and that the sole Stp1-Stk1 pair in S. aureus mediates this Cys-
Verification of Cys-Phosphorylation by LC-MS/MS. To further verify
Cys-phosphorylation of the SarA/MgrA family proteins, we per-
formed mass spectrometric characterization on the phosphory-
lated proteins. Despite the labile feature of phospho-Cys (38), we
successfully identified the phospho-Cys modification in both
phosphorylated SarA and phosphorylated MgrA (Fig. 3 and Fig.
S4). In the case of SarA, after trypsin digestion, one phospho-
peptide INDpCFELLSMVTYADKLK (observed m/z2182.0140)
was identified using the Mascot (v 2.3, MatrixScience) database
searchengine (Fig.3A) (39).Thedetected y6andy7fragmentions
showed that the phosphorylation was not on Thr-17 or Tyr-18,
whereas fragment ions b5and b6indicated that the phosphoryla-
tion was on Cys-9 but not on Ser-14. In the case of MgrA, one
phosphopeptide EQLpCFSLYNAQR (observed m/z 1550.6555)
(Fig. 3B) was also identified. The y7and y8fragment ions were
detected showing that neither Ser-14 nor Tyr-16 was phosphory-
was phosphorylated (+80 Da mass shift). A mis-cleaved peptide
from the same sequence GSHMNLKEQLpCFSLYNAQR (ob-
ion confirming phosphorylation on Cys-13 (Fig. S4).
Cys-Phosphorylation of the SarA/MgrA Family Proteins Is Blocked by
Oxidation and Alkylation. Protein modifications are known to con-
tribute to changes in cell physiology in response to particular sig-
nals. Pathogenicbacteria,suchasS.aureus, requirerapidresponse
toa hostile environment during pathogenesis. It is well established
that ROS serve beneficial roles for host defense, particularly when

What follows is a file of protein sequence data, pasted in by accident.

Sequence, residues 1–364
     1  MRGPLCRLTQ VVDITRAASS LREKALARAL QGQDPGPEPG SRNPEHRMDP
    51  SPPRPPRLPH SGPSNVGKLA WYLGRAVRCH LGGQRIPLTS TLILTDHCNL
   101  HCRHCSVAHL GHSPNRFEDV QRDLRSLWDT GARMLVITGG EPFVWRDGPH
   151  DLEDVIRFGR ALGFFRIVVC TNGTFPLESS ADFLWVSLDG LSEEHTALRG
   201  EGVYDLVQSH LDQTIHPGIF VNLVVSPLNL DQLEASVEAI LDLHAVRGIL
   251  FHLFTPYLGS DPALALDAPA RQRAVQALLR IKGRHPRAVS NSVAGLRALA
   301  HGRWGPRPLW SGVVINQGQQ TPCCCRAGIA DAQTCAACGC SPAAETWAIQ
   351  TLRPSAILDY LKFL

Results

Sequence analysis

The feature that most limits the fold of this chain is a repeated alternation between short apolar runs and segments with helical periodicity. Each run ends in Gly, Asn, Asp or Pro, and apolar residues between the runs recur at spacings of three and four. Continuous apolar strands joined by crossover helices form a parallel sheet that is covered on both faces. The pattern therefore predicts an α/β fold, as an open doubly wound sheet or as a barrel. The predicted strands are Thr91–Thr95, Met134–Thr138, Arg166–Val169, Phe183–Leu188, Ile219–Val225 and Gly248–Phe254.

macrophages and neutrophils produce a burst of oxidants, such as
H2O2, to kill invading microorganisms. The abrupt change of the
redox status, on the other hand, is also used by the pathogen as
a signal to adapt and evade the host defense. The reactive cysteine
in the SarA/MgrA family proteins is known to be redox active and
plays a significant role in responding to oxidative stress (40). As
hydrogen peroxide, the phosphorylation levels of both SarA and
MgrA were greatly reduced, supporting the finding that oxidation
blocks Cys-phosphorylation. Cys-oxidation in MgrA, SarZ, and
SarA is critical for gene expression regulation in S. aureus. The
same Cys residues can be phosphorylated, allowing the bacterium
to perhaps balance the oxidation-sensing pathways through the
same residues. Importantly, phosphorylation of the reactive Cys
residues in these global regulatory proteins enables the bacterium
to incorporate additional signaling pathways to affect/control
existing gene regulation networks.
We also tested nucleophilic alkylators that can alkylate the re-
active cysteine. Both iodoacetamide and maleimide significantly
diminished the phosphorylation of SarA and MgrA (Fig. S2 D and
F). In addition, we observed that the phosphorylated SarA is labile
(Fig. S2G), consistent with a previous report that phospho-Cys
displays unique liability toward iodine (I2) (24). All these data fur-
ther confirm cysteine phosphorylation in these proteins.
Cys-Phosphorylation Modulates the DNA-Binding Ability of the SarA/
MgrA Family Proteins. To investigate whether Cys-phosphorylation
modulates DNA-binding of SarA, we performed an EMSA with
apo-SarA and phospho-SarA. Phospho-SarA was purified using
phospho-protein purification kit (Qiagen) after the in vitro phos-
phorylation reaction. The hla promoter region contains a putative
LC-MS/MS spectrum of the phosphopeptide I6NpCFELLSMVTYADKLK23(ob-
served m/z 2182.0140 Da corresponding to apo-peptide theoretical mass of
of phospho-SarA. The b5and b6fragment ions corresponding to I6NDpCF and
I6NDpCFE, respectively (observed m/z 673.2051 and 802.2247 corresponding to
apo-fragment + 1 phosphate group 79.9437 Da) indicates the presence of